As children, we learn by doing. When we place our hand on the open flame of a gas burner, as I did at about age 4, we learn that it is hot, it hurts, and it gets us yelled at, so we don’t do it again. Well, most of us don’t. As adults, we have developed the ability to learn by not only our own past experiences, but also those of others, and at least in theory, we can use our ability to reason to determine likely outcomes for our actions. So, when I read that cigarette smoking is responsible for certain diseases, then I can make the decision to not smoke, right? Okay, bad example, for I am a 3-pack-a-day smoker, but you get the point. We don’t need to drive our car over a cliff to know that it is not a good idea.
However, as you’ve often heard me say, it seems that we … the human race in general … fail to learn the lessons of history. We keep making the same stupid mistakes, over and over.
Yesterday, Donald Trump imposed new tariffs on Chinese imports, to the tune of $200 billion, in addition to the $50 billion previously imposed.
“Today, following seven weeks of public notice, hearings, and extensive opportunities for comment, I directed the United States Trade Representative (USTR) to proceed with placing additional tariffs on roughly $200 billion of imports from China. The tariffs will take effect on September 24, 2018, and be set at a level of 10 percent until the end of the year. On January 1, the tariffs will rise to 25 percent. Further, if China takes retaliatory action against our farmers or other industries, we will immediately pursue phase three, which is tariffs on approximately $267 billion of additional imports.
We have been very clear about the type of changes that need to be made, and we have given China every opportunity to treat us more fairly. But, so far, China has been unwilling to change its practices. To counter China’s unfair practices, on June 15, I announced that the United States would impose tariffs of 25 percent on $50 billion worth of Chinese imports. China, however, still refuses to change its practices – and indeed recently imposed new tariffs in an effort to hurt the United States economy.
As President, it is my duty to protect the interests of working men and women, farmers, ranchers, businesses, and our country itself. My Administration will not remain idle when those interests are under attack.”
Even on the surface to those of us who are not economists, there are some obvious flaws with his plan. Make no mistake … there is no “if” here … there isn’t much doubt that China will impose retaliatory tariffs. But let’s take a look at another case, one from which we might have learned a lesson.
In 2009, American tire makers persuaded the Obama administration to impose tariffs on Chinese tires, and imports of tires from China fell sharply. But Chinese companies did not stop making tires in response to the tariffs — they simply moved production to other places, including to the United States.
Chinese tire manufacturer Giti, built a factory in South Carolina to make low-cost tires for Walmart. Did the move keep some jobs in the U.S.? Sure, but a study by the Peterson Institute for International Economics (PIIE) showed that consumers paid a hefty price: an extra $1.1 billion on tires as a result of a tariff that preserved, at most, 1,200 jobs. That is almost $1 million per job, for jobs paying an average of about $40,000.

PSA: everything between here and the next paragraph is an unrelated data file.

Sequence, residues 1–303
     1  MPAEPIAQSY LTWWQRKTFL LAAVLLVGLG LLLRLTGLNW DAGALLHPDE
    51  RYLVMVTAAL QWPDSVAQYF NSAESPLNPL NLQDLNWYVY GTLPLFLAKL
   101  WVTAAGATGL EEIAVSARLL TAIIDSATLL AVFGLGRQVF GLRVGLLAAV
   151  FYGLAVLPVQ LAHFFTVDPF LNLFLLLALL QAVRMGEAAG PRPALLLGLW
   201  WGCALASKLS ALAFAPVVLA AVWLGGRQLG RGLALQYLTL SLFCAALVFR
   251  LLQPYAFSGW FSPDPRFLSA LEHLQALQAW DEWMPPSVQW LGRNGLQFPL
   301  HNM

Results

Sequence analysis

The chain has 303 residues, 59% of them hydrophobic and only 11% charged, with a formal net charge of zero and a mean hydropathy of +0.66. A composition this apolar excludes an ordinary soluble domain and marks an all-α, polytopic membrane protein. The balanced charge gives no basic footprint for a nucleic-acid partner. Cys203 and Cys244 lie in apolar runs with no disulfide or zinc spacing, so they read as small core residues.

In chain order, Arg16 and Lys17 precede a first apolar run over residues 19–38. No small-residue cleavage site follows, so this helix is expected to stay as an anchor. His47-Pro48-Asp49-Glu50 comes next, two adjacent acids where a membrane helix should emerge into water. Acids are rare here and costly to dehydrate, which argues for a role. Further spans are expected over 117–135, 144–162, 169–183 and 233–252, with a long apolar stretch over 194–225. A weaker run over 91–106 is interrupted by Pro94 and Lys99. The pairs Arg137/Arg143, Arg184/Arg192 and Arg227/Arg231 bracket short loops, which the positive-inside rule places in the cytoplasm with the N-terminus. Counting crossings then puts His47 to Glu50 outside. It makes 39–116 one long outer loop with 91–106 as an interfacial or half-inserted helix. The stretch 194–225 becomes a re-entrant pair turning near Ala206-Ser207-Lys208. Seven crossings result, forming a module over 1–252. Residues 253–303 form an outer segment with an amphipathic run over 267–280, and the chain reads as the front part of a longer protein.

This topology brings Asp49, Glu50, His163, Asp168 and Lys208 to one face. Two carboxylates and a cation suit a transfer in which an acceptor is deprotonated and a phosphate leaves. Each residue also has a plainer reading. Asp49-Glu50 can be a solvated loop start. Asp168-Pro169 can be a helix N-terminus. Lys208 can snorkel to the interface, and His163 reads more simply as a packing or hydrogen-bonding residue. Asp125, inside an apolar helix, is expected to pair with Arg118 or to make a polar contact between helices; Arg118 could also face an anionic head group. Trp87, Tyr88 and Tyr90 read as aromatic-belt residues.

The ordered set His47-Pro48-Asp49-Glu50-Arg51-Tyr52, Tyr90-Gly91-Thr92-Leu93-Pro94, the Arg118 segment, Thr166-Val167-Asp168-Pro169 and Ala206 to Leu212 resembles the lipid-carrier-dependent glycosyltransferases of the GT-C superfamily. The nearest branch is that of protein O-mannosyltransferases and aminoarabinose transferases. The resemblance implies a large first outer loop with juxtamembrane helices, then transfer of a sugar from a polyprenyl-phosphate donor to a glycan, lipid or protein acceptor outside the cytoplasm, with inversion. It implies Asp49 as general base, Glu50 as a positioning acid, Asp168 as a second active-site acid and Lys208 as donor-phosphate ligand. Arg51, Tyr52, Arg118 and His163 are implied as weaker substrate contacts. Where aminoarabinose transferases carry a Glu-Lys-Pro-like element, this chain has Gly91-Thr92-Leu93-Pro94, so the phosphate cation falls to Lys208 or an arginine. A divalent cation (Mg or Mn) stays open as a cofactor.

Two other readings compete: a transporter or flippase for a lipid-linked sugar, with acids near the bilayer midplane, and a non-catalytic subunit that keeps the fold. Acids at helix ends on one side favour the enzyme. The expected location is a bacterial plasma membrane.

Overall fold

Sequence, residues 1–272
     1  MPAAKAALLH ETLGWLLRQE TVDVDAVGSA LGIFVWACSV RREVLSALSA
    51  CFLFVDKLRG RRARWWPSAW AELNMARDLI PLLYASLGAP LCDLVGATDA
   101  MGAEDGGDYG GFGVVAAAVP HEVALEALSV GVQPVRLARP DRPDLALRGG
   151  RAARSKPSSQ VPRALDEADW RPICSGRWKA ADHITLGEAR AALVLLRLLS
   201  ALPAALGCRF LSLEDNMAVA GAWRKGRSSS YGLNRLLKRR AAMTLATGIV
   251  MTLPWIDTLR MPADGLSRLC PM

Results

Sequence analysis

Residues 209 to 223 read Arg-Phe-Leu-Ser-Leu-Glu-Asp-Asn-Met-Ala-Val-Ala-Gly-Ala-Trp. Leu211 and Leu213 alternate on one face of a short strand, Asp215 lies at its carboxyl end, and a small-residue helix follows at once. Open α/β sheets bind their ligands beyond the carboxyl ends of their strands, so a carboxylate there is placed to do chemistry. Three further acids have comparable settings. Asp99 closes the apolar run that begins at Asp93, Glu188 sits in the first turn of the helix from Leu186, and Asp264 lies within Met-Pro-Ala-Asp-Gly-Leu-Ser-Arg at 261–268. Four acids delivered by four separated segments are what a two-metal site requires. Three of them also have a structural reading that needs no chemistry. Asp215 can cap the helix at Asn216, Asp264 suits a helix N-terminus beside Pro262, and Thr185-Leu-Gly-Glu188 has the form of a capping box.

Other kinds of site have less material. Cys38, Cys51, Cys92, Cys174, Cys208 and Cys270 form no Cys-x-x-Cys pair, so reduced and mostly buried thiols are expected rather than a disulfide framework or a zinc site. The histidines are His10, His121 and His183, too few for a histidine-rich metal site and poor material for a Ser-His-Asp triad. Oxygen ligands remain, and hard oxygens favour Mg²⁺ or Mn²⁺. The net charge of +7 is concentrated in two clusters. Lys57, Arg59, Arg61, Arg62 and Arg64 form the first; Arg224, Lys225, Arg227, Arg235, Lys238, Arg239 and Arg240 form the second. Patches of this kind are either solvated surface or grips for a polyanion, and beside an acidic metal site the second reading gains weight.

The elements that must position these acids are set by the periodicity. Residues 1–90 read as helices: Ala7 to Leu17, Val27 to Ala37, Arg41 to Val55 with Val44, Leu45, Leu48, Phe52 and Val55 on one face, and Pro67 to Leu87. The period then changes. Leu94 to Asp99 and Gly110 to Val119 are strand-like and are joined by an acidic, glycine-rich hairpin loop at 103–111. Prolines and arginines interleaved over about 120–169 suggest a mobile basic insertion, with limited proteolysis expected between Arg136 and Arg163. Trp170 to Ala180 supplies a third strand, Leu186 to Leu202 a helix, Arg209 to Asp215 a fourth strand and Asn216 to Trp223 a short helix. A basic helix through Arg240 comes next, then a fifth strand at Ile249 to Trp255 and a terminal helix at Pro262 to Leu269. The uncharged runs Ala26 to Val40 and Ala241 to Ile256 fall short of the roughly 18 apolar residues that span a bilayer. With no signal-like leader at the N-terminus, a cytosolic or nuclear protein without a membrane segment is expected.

The 2009 tire tariffs — and similar efforts by past administrations to tax everything from socks to solar panels — have generally failed to protect existing factories and jobs. The Chinese factory in South Carolina created new jobs for American workers but, in effect, the tariffs only moved jobs from one place to another … at a very high price.
Steel tariffs imposed in 2002 by President George W. Bush yielded similar results, penalizing not just consumers but companies that use steel to make other products, like construction companies and carmakers. There are about 140,000 jobs in the U.S. steel-making industry, but by contrast, 6.5 million who work in industries that buy steel and will be hit hard by Trump’s steel tariffs.
Did you know that General Motors sells more cars in China than in the U.S.? What do you suppose happens when China imposes tariffs on U.S. autos? Or when the Chinese government calls for a boycott on U.S. goods? As an authoritarian government, they do not operate under the same constraints as the U.S.
Trump claims that thus far his tariffs have not had much impact on the U.S. consumer, but if you are a savvy food shopper and pay attention to prices, you will have noticed that certain items have increased, some by quite a bit. And … on 18 December 2017, the price per gallon for regular fuel was $2.16. Today it is $2.84, a 31.5% increase.
Simply put, tariffs are taxes ultimately paid by American consumers, in the form of higher prices. In addition to the latest round of tariffs on China, there are the steel tariffs on nearly every nation, plus the retaliatory tariffs imposed on the U.S. by other nations. Remember back when Trump said that trade wars are ‘easy to win’? Guess what, folks … there are no winners. Trump has not only failed to learn the many lessons of history but is seemingly unable or unwilling to apply reasoning and logic in his decision-making process. And guess who’s going to pay the price, my friends. Not Trump, not his rich cronies …